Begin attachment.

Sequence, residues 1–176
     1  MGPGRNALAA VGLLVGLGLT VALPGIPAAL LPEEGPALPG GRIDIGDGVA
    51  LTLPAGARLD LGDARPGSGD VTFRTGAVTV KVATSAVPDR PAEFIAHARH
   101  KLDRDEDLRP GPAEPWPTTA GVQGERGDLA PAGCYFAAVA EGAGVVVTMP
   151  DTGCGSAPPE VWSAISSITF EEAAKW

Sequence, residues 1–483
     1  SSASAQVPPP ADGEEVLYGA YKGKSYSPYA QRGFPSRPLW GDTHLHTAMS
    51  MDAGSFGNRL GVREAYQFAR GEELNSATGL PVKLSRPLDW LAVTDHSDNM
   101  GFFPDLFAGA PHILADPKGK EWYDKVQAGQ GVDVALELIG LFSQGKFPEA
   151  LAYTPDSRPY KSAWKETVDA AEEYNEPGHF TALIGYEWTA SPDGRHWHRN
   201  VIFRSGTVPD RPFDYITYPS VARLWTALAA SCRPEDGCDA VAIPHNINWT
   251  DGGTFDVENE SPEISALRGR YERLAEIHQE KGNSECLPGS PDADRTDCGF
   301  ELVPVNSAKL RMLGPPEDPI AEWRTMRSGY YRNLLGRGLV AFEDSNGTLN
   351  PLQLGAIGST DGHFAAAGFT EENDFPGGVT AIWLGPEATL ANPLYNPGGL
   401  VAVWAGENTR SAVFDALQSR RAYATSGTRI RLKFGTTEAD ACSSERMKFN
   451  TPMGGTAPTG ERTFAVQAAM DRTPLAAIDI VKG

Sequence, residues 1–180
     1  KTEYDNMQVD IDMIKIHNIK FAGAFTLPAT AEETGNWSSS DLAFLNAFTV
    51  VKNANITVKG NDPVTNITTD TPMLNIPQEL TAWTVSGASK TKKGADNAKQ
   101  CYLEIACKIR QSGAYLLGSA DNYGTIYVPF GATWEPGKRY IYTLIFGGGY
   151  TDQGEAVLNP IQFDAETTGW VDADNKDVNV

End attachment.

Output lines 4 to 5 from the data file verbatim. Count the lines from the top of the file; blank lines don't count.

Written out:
   101  KLDRDEDLRP GPAEPWPTTA GVQGERGDLA PAGCYFAAVA EGAGVVVTMP
   151  DTGCGSAPPE VWSAISSITF EEAAKW